Shah Rukh, Aamir Khan's surrogacy decision inspires childless couples
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Shah Rukh Khan may have a blockbuster coming up but as always, it is his personal life that has been making headlines.
When news first surfaced that SRK and wife Gauri had signed up for a baby by surrogacy, it seemed like a wild rumour.
However, as things turned out, the reports turned out to be true what with Bollywood's power couple announcing the joyous addition of AbRam to their family.
Preceding SRK was that other Bollywood premier league twosome; perfectionist actor and now activist, Aamir Khan and wife Kiran, who, long before presswallahs could get wind of it, made public their decision of opting for a surrogate baby.
Truth be told, every aspect of a Bollywood star's life is followed with great curiosity much to their chagrin, but in going public with details on this very personal and sensitive matter, the Khan duo have rendered yeoman's service to numerous childless couples in India.
Why, a conversation I overheard in a Mumbai local train compartment between two ladies in their 50s was rather heartening. One was inquiring after the likelihood of the other's daughter-in-law bearing her a grandchild and the lady's reply was revealing. "If her health does not permit it then they could go in for surrogacy or even adopt. After all, if bade log like Aamir Khan and Shah Rukh Khan can do it, then it surely must be okay."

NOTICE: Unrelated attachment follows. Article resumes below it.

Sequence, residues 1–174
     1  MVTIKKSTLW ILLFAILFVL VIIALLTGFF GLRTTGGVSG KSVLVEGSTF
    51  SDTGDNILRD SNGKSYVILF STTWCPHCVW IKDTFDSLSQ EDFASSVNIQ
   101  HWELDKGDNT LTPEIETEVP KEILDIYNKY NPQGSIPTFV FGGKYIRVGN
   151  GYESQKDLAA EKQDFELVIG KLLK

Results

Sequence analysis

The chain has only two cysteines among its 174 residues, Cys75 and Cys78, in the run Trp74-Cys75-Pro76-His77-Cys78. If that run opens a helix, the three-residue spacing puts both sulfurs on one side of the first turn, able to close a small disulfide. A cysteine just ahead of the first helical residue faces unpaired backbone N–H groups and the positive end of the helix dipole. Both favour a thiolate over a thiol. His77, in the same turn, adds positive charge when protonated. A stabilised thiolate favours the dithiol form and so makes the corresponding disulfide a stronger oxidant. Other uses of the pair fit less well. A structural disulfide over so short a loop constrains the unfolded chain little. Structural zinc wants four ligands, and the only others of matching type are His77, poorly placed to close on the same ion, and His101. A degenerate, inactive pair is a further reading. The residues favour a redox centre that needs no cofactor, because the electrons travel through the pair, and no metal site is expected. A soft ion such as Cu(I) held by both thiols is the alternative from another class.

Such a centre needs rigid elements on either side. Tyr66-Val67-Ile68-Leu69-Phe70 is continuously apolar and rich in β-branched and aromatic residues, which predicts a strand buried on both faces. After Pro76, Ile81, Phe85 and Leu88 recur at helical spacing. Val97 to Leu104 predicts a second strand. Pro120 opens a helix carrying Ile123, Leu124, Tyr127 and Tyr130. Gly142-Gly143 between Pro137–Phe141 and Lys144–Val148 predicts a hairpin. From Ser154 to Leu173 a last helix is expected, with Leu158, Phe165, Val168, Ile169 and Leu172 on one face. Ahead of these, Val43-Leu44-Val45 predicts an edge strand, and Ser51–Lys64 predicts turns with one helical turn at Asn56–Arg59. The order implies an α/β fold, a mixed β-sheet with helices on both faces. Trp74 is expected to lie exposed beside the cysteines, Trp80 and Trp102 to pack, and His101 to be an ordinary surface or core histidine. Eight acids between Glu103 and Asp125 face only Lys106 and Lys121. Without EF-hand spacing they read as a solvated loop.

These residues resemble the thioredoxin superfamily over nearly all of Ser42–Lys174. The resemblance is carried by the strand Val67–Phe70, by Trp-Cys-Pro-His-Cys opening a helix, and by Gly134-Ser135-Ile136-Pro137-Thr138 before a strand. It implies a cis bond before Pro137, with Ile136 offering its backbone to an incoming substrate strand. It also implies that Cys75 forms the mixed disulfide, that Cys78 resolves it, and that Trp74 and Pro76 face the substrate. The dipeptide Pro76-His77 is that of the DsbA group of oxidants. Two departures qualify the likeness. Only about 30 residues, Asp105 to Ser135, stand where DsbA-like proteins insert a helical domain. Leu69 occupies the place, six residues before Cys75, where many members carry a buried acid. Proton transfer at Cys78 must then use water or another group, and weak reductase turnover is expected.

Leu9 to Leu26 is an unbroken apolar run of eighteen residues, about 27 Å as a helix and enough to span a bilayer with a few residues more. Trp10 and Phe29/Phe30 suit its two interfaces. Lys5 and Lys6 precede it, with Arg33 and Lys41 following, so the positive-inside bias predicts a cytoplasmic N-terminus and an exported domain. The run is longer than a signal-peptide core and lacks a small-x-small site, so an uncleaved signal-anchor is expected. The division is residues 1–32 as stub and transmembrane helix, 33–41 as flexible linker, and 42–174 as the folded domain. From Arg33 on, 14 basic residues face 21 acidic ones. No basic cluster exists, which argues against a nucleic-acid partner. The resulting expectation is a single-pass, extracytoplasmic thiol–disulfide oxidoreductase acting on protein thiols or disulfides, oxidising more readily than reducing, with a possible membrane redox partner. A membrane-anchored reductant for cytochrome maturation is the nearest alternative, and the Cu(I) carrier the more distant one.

The nascent assisted reproductive technology industry — surrogacy was legalised in India in 2002 — is already a booming multimillion dollar industry within India, and yet one that is talked about in hushed tones.
With our patriarchal social moorings, predictably, the shame of being "barren" has for most part been shouldered by women, even though men have had to bear their share of the cross of shame only through oblique references to their shortcomings in the virility department. Given the accompanying social hazards, it is understandable that matters of assisted reproduction are usually kept under wraps for as long as possible.
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